Saturday Coronavirus song





When you need to keep your distance, "invisible touch" is a good idea.

Friday, March 20, 2020

It's the perfect time to panic

PJ Media looks at the matchup between President Trump and NBC's Peter Alexander.
President Trump described himself as optimistic and full of hope. He believes the people are with him and not scared, but acting in a prudent and measured way in a difficult time. "When, not IF, when we win the war," he said he is confident that jobs will come back.
The president wants the media to share the good news with the country and stop fear-mongering and searching for the worst-case scenarios and instead focus on the enormous efforts that are underway to bring this crisis to a swift end. No U.S. hospitals have been overwhelmed thus far, supplies are on the way, and American companies are stepping up to fill in any shortage gaps by manufacturing anything that is needed. Cruiselines are offering ships for more hospital space, Navy ships are being deployed to the places hardest hit, and millions of masks for medical professionals are on the way. But none of the reporters in that room wanted to focus on these amazing developments and instead were single-mindedly trying to trip Trump up and get a viral clip of themselves on social media because "orange man bad."
Good times are coming.
Even if the media can't see it.

Virus flies over flyover country

Ron Brownstein sees the difference in reactions between red and blue states.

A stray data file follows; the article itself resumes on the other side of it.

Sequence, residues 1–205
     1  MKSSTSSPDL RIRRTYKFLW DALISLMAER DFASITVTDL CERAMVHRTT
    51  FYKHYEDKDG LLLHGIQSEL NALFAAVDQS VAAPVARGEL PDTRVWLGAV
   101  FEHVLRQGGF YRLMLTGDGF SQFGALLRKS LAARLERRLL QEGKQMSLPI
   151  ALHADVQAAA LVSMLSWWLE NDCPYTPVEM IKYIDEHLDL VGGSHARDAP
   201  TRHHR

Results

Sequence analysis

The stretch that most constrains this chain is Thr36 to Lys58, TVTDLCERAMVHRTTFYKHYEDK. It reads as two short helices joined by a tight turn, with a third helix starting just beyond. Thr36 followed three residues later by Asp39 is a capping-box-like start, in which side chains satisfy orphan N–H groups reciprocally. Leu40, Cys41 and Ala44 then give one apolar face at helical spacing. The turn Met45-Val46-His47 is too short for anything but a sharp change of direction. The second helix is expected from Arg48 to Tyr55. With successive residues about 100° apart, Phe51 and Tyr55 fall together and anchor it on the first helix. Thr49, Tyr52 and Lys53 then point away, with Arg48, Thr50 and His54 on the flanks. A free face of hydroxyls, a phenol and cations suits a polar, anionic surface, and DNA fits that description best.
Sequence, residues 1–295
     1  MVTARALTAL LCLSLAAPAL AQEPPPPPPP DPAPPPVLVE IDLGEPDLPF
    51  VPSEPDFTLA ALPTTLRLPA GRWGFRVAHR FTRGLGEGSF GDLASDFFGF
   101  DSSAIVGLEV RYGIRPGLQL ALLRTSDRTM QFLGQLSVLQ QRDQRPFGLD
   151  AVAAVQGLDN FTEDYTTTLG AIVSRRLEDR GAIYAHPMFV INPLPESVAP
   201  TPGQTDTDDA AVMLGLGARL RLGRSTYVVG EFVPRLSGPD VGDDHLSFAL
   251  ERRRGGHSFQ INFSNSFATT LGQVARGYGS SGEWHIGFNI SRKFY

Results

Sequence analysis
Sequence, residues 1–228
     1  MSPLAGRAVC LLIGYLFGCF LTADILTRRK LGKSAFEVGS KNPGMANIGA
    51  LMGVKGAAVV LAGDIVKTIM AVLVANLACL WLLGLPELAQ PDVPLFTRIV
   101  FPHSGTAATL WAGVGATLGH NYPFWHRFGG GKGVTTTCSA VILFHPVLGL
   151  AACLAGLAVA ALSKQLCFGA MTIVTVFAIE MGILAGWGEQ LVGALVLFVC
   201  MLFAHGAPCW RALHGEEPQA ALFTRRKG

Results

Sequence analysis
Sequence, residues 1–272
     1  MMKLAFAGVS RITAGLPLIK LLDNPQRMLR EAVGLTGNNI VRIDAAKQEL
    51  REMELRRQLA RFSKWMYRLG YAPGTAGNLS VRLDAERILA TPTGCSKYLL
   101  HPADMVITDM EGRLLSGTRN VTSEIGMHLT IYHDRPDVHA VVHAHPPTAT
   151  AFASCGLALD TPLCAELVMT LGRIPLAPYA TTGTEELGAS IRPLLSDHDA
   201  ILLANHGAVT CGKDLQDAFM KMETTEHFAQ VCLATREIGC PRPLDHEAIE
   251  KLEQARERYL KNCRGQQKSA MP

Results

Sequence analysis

Republican-leaning states to this point are displaying notably less urgency about the outbreak. Of the states that have taken the fewest actions to restrict public gatherings or limit restaurant service on a statewide basis—such as Texas, Missouri, and Alabama—almost all have Republican governors, according to research by Topher Spiro, the vice president for health policy at the liberal Center for American Progress, where he directs a program that examines state health initiatives. That’s left Democratic-run cities in those red states—such as Houston, Tucson, Nashville, and Atlanta—to try to impose their own rules on public gatherings. Yet all those local limits face an obvious problem: People from elsewhere in the state can still travel to their jurisdictions. “We can’t seal our borders,” acknowledged Lina Hidalgo, the chief administrator in Harris County, Texas, which includes Houston, when she announced county-wide closures on Monday.

Wednesday, March 18, 2020

Hope is on the way

As the days go by, more scientists are trying more ways to slow the spread of coronavirus.
Remember that as you see the daily bad news.
The better we get at interventions to identify and isolate specific people with the virus, the less we should need to rely on interventions that isolate the entire population. That’s a reason the ramp-up of widely available testing remains such an important goal for the U.S.: More testing should, in time, allow for more normal living.

Monday, March 16, 2020

Still the one